- Light for an aero disc braked bike
- Compliant ride
- Quality carbon wheels and other components
- Loses the brake rub of the rim brake bike
- £900 more expensive than the rim-brake version
Price as reviewed:
The Scott Foil has always been one of our favourite aero machines, each time that we’ve tested it. Last year, it gained disc brakes with five different spec options, although there are still four rim brake specs available too. We’ve really liked the Scott Foil 10 Disc with the improved stopping power not detracting from the bike’s other excellent qualities, which is why it’s made it into this year’s Editor’s Choice.
But opting for the disc brake Scott Foil 10 over the rim brake version ups the price by £900 from £4,099, so adding discs is a pricey upgrade. Do disc brakes justify the £4,999 price tag?
The Scott Foil frameset is one of the nicest-looking aero options out there and also, according to our own testing, one of the most aerodynamic. You get a chunky kammtail down tube with a skinnier top half and dropped seatstays.
There’s really good integration too, with a closely coupled aero fork, aero stem and spacers and the cables all disappearing neatly into the down tube via a single port. Scott’s integrated seatpost clamp continues to be fiddly and delicate though – it’s easy to break (as we’ve found out) so it’s worthwhile getting a shop to adjust your saddle height for you.
The result of Scott’s work on the frame is, it claims, that the disc brake bike is as aero as the rim brake version. It also says that the size large frame tested weighs 985g, which is impressive for a disc-brake aero frameset.
The switch to disc brakes has allowed Scott to make the Scott Foil 10 Disc’s fork even skinnier and to add winglets at the dropouts for added aero, with the left side especially large and shielding the brake caliper. The chainstays have also been redesigned and tyre clearance has been upped to 30mm.
The test bike is running 28s, although as usual with modern wide rims, these come out closer to 30mm. There’s still plenty of clearance and anything up to 35mm should fit into the frame, though we wouldn’t recommend it!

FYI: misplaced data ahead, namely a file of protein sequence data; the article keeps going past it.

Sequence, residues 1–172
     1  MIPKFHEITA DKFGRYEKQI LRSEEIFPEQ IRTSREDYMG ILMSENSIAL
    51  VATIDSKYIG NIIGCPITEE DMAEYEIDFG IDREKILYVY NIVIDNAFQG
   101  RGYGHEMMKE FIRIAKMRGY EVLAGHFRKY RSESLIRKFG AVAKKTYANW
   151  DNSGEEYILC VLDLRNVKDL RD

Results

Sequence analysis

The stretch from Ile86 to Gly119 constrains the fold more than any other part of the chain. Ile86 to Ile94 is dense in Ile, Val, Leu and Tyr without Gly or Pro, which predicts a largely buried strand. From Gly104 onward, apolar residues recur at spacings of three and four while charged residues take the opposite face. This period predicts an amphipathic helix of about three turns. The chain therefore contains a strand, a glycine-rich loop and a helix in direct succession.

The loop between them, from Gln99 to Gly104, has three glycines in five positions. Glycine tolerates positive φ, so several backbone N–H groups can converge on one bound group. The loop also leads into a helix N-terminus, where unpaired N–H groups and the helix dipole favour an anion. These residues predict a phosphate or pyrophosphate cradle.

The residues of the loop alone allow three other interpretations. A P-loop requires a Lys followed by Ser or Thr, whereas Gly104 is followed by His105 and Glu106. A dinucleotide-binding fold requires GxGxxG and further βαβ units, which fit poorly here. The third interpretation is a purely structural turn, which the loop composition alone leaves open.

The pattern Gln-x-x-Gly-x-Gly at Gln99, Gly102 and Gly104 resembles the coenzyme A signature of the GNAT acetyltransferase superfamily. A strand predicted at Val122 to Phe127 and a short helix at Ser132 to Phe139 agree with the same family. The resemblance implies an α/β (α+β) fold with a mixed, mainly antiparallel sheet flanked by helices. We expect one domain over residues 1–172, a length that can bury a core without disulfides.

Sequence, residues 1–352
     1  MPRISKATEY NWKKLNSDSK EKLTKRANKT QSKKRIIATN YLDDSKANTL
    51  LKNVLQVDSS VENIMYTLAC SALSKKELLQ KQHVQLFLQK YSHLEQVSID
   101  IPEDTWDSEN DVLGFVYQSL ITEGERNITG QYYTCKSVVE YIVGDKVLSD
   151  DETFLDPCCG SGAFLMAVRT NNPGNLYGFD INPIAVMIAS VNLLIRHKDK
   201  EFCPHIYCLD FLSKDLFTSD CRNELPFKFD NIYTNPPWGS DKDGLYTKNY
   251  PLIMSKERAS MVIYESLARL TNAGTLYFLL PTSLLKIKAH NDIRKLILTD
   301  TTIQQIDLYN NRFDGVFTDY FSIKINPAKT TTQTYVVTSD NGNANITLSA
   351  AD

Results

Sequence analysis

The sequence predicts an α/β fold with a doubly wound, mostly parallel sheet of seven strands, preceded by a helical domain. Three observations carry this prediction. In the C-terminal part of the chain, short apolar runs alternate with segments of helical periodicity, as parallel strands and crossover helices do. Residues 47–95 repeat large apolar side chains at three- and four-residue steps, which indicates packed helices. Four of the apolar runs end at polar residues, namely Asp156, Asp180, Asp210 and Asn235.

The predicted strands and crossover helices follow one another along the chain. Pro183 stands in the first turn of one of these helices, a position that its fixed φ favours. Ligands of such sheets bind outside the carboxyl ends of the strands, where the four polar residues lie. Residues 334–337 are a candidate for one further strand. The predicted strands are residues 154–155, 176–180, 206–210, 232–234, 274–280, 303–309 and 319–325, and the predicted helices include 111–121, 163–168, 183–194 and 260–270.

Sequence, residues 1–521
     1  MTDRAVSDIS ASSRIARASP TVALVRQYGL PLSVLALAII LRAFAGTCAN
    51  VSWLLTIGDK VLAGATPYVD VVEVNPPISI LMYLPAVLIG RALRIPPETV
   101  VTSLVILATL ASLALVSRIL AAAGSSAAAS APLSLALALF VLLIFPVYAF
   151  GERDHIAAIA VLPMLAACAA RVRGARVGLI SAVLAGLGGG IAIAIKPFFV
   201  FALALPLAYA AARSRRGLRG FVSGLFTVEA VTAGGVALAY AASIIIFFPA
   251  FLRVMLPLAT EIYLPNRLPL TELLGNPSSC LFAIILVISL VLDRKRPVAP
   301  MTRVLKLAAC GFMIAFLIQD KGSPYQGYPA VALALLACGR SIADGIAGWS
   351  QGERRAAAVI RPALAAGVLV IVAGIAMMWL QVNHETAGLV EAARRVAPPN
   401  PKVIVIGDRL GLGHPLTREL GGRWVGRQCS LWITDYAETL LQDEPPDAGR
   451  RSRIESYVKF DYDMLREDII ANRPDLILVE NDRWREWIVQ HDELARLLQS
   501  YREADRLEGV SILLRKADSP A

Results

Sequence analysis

I like the colour scheme used for the Scott Foil 10 Disc (the range-topping £10,999 Scott Foil Premium Disc gets the same treatment). It’s a relief that it’s not all-black and it looks classier than the acid yellow of some other bikes in the range. Up close, the metallic brown paintwork looks even better and topped with the tan sidewalls you’re almost guaranteed to turn heads.
The Scott Foil 10 Disc is third down the Foil hierarchy, with the Foil RC Disc getting Dura-Ace and the Foil Premium Disc Dura-Ace Di2. But you still get excellent electronic shifting from the Ultegra Di2 groupset, without a significant weight penalty.
The Scott Foil 10 Disc comes with a 52/36 semicompact chainset and 11-30 cassette. It’s an increasingly popular set of ratios, enabled by Shimano’s latest generation groupsets, that gives you more top end without losing the climbing potential of a low bottom gear.
We’ve found the wheels on some Scott bikes a bit narrow for comfortable set-up of tubeless tyres and valves. But the latest Syncros Meritt 1.0 Disc carbon rims are not just deep at 50mm, but also wide enough to support 28mm tyres without sidewall bulge. The thru-axle lever can be removed, which Scott says helps save a few watts.
The tan-sidewall Schwalbe One tubeless-ready 28mm tyres match the bike’s colour scheme and put plenty of rubber on the road for stress-free grip and handling even on wet rides.